“Le Mans & the manuscript”
New Poets 17 Judge’s report delivered 1 November 2011 SAWC Rundle Mall
Why your poem is like a car
The spark from your plug
at just the right moment.
Your valves fan air & fuel
compress, combust, seal.
When your piston moves
oil’s kept from the sump
or, like Icarus you’d burn, be lost.
Without a connecting rod
your crankshaft won’t rotate
there’ll be no Jack springing from any box
or tricks from any toolkit trade.
So your poem is like a car
kitted out for the endurance race
to rally throughout the day
and all through the night.
I speak figuratively for a purpose. My simile brings me to expand why poems are like cars into why poetry collections are like car races, or particularly, Le Mans. And the reason is simple; it’s that key word: endurance.
I speak of the effort of writing a manuscript – not the process of judging. For, like a sports commentator, I’m passionate about that job and it was a pleasure, not a chore.
This is for the NP17 competitors who entered the field. Like a Le Mans start, they lined up, sprinted into their cars, jumped in and took off. For those of you unfamiliar with my motorsport metaphor, I’ll briefly fill you in:
Begun in France, 1923, Le Mans is the oldest sports car race in the world. It’s also known as “the Grand Prix of Endurance and Efficiency” where teams have to balance speed against the cars’ ability to run 24 hours straight. What counts, is the way fuel, tyres, and brakes are maintained. Drivers rotate shifts two-hourly with three drivers to each competing car.
So much for Le Mans – I think there are three things I like about my comparison - firstly, is its continuous nature – this is unlike drag racing, for a manuscript there is no quick sprint, it takes unremitting thought. Secondly, it’s not just round and round like NASCAR – you need to be more varied than stock variety – and keep prepared with a variety of tools and strategies, where your manuscript is not the same throughout, but is full of surprises, and thirdly, it’s not so cross-country as rally – though maybe a full collection for a book is as tough as the Paris – Dakar in a Kamaz truck, but a la Le Mans, is a first manuscript in a shared collection like NP17.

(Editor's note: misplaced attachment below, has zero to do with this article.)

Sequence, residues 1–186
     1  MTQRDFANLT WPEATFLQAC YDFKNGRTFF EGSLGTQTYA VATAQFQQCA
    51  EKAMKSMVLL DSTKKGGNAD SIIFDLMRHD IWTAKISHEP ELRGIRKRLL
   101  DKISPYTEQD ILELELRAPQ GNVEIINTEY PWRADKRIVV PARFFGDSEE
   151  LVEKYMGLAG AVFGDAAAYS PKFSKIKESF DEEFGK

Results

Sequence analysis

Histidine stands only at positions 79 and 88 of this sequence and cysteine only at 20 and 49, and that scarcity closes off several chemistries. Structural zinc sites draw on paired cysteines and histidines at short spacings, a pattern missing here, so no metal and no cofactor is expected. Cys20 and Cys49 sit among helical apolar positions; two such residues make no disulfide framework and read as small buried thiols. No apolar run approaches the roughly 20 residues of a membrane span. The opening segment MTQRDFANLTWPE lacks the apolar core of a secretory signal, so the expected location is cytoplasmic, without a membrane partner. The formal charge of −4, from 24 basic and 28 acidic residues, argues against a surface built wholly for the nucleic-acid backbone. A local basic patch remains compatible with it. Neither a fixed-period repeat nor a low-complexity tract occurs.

You’ll remember what was needed: fuel, tyres, braking.
Fuel – you need the resource to make the poem ‘go’. It’s not just gas, it’s combustible – able to be sparked into ignition – and go the distance. Some poems fizzle, splutter, and don’t really leave the starting line. Some peter out before the end – the race fuel was not conserved properly, not paced, and the juice ran out before the end.
Tyres – you need traction, and for the rubber to last, not shred before the end. Some poems are too slick, others too deeply grooved. Like your choice of tyre for climatic conditions, your poetry manuscript must suit its competition.
Finally, braking – knowing when to apply pressure, to adjust to the corners a poem might through up – a curve, a hilltop – a collection must encompass all the topography and know how and when to stop.
As I do now, to announce my selection. I commend all the entrants and thank you for the thoughts and emotions you presented me. I feel privileged. I’d like to particularly note four special mentions: manuscripts entitled ‘Guerilla Poet’, ‘Buttons on my dress’, ‘A Tourist without a Map’, and ‘The Spaces in Between’. To each of the contestants unsuccessful tonight, I encourage you to keep honing your craft and to resubmit in future years.
For the three winning publication in NP17, I’m very excited to announce the manuscripts: ‘Fence Music’, ‘Gunyah Healing’, and ‘Sliding down the belly of the world’. I can’t wait to see the book in print and look forward to its launch next year – it will be a strong collection and everyone here will want to buy multiple copies.